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PA survey (subs or no subs)

Discussion in 'Band Management [BG]' started by Juniorkimbrough, Feb 22, 2006.

  1. Juniorkimbrough


    Mar 22, 2005
    Mississippi / Memphis, TN
    Endorsing Artist: Lakland Basses
    My band is discussing our PA situation, while I think we don't need subs some other members think we do. Please post what your PA consists of, speaker wise. 15" mains? 12" mains? subs or no subs?

    btw, we will be using the PA in bars that hold at most 100 people.

  2. Sundogue


    Apr 26, 2001
    Wausau, WI
    We use JBL cabs for mids and highs (I think they consist of a 12", a 6" and a tweeter...but I"m not sure) and Cerwin Vega 18" Subs, with seperate EQ's for them.

    I wouldn't play in a band that didn't use true subs in the PA. I never have (over 25 years of playing pro or semi-pro).

    Using the drums or bass stage volume for the house will do one of two things...either blow away some of the musicians onstage, or not be heard adequately out front.

    Once you use true subs in a PA, not only will your bass be heard better without being too loud onstage, the drums (especially the kick drum) will have authority out front (and onstage). Every note you play will have more punch without having to be too darn loud.

    Once you hear the kick drum through subs, you'll see how much more dynamic and powerful the whole band sounds. Every band I've seen that didn't use subs (and get the drummer's kick drum thumping) always sounded weak. It's not about volume...it's about giving the audience the whole band's sound. Just because you use subs, doesn't mean you have to turn it up and play loud. We use the whole PA (including subs) even in small clubs because we can control the entire spectrum.
  3. 15 mains and monitors, no subs. Truth be told, I wish we had one for the kick sometimes.
  4. Juniorkimbrough


    Mar 22, 2005
    Mississippi / Memphis, TN
    Endorsing Artist: Lakland Basses
    The other band I play in uses subs sometimes, but I just don't think the size of the places we are playing are large enough to really need a sub.
  5. Sundogue


    Apr 26, 2001
    Wausau, WI
    For one thing...unless your drummer is using an electronic drumkit, without PA subs (seperately EQ'd) your drummer's kick drum might as well be left at home.

    Drums are an acoustic instrument, and no matter how hard a drummer plays, their kick drum is just non-existent without going through subs. The kick drum can only get so loud acoustically...and it's the kick drum more than anything, that gets people moving.

    It's one thing if you are playing light music in a coffee shop setting, but if you are playing rock, blues, etc. almost nothing improves the overall sound and "tightness" of the band like having that kick drum out there.

    Subs are especially useful in small clubs. I can feel my bass in the subs, even onstage. So, I don't need a big rig to hear myself and I don't have to be extremely loud. We get a very full sound even at low volumes in small clubs...because we use subs.
  6. Lex P.

    Lex P. You've got it awful loud -Kathy P. Supporting Member

    Mar 19, 2003
    2 x 18" JBL subs, 2 X 15" with horns JBL for mains. Even when we practice we put the kick drum through the PA (2 x 12" with horns EV) I can't hear the kick at practice volume with out the PA's help. I would never hear the kick without help when playing live.
  7. mwm70


    Oct 27, 2004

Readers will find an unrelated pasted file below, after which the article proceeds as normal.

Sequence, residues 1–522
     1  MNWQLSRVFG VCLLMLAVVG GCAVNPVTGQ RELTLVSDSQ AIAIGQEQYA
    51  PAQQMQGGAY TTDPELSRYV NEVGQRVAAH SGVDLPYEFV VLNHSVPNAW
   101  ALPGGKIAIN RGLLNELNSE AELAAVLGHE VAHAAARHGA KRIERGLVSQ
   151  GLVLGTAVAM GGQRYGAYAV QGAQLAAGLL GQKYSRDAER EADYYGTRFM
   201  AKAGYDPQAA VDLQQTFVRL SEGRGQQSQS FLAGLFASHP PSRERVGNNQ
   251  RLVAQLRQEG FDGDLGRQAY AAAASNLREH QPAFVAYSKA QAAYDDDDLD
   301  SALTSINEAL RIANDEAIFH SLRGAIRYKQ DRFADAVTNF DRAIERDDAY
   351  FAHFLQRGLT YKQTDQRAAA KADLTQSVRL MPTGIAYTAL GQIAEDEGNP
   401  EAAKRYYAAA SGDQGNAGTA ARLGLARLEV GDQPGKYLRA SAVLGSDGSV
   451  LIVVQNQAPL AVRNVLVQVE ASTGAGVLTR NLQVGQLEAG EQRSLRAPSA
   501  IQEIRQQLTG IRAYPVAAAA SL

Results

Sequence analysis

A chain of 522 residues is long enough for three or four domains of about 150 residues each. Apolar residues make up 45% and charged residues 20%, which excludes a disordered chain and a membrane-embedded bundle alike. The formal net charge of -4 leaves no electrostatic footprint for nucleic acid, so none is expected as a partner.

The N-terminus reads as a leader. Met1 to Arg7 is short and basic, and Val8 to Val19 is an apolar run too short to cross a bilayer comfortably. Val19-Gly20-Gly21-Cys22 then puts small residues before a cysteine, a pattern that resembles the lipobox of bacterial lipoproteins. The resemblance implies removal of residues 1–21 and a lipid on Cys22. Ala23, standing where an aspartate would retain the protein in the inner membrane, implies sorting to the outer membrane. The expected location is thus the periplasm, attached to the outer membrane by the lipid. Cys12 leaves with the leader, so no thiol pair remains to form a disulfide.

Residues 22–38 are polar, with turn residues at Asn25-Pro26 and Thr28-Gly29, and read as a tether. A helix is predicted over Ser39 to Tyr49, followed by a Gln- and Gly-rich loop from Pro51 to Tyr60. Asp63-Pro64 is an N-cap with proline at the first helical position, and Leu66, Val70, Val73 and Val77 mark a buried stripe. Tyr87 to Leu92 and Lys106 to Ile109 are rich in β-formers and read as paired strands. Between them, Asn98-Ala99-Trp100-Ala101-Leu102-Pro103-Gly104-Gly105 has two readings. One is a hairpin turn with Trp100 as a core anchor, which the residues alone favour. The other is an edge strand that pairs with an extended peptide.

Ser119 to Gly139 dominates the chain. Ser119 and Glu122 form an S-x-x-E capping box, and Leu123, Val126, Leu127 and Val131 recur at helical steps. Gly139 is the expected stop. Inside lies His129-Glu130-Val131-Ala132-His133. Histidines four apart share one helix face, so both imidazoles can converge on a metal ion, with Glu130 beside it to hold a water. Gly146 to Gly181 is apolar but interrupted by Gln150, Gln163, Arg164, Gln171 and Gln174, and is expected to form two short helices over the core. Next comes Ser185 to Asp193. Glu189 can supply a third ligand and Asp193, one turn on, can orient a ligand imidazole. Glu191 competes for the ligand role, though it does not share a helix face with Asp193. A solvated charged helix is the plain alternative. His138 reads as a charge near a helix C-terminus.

2 15" Peaveys with horns for Mains, no subs presently, but will probably add them later. For me personally, the kick drum has to have a plastic or wooden mallet contacting either a plastic or metal bass drum disc. The disc helps define the beat and tighten up it's sound.
  8. Sundogue


    Apr 26, 2001
    Wausau, WI
    The last two bands I've played for had inadequate subs at one time (basically just another set of mains that the drums and bass ran through).

    Both bands ended up getting the Cerwin Vega 18" subs and a seperate EQ for them. One got them because the other band heard what a diference they made. It was so dramatically different that most people who came to see us regularly (and a lot of other people, including respected musicians who came to see us) immediately commented on how much better we sounded.

    The ONLY difference was the subs...nothing else changed.

    As bass players, we know all too well how much horsepower it takes to get the low end "out there". Nothing is lower than the kick drum. Without subs, you have no kick drum...and you have no low end. Without true low end, it's hard to get people out there dancing or grooving to your music.
  9. Sundogue


    Apr 26, 2001
    Wausau, WI
    Our drummer simply mic's up his kick (straight up)...the rest of the "defining" sound comes from the subs and a seperately dedicated EQ, with 90Hz being boosted (as at around 85-95Hz, that is the resonating frequency of our chest cavity).

    That's where you FEEL the punch of the band. You need to cut a few other upper lows or the "punch" is felt too much in the sinuses...and not in a pleasant way.

    Sorry to go on and on about it...but if I can get even one more band to use subs, the world will be a better place. :D
  10. SteveC

    SteveC Moderator Staff Member

    Nov 12, 2004
    Eastern North Dakota
    If you have bass, keys and kick going into a PA, you need a sub. The 2 or 3 way's with a 12" or 15" won't cut it - especially with vocals, keys, guitar etc runing through them.

    The size of the venue doesn't matter, either. Good sound is good sound in a 100 or 10,000 pearson venue.

    Adding 1 powered sub to your "PA on sticks" will make a world of difference in any venue at any volume with any style of music.

    I usualy play in a place that has 2 powered subs. Tonight we play somewhere were we won't have a sub. We will sound very different.

    Invest in a powered sub.
  11. Bob Bl.

    Bob Bl.

    May 1, 2003
    Sundogue - I'm not clear on what you mean by a "separate or dedicated EQ for the subs". I'm assuming that everyone using subs in the standard way (meaning NOT using self-powered speakers) is doing some subtle variation of: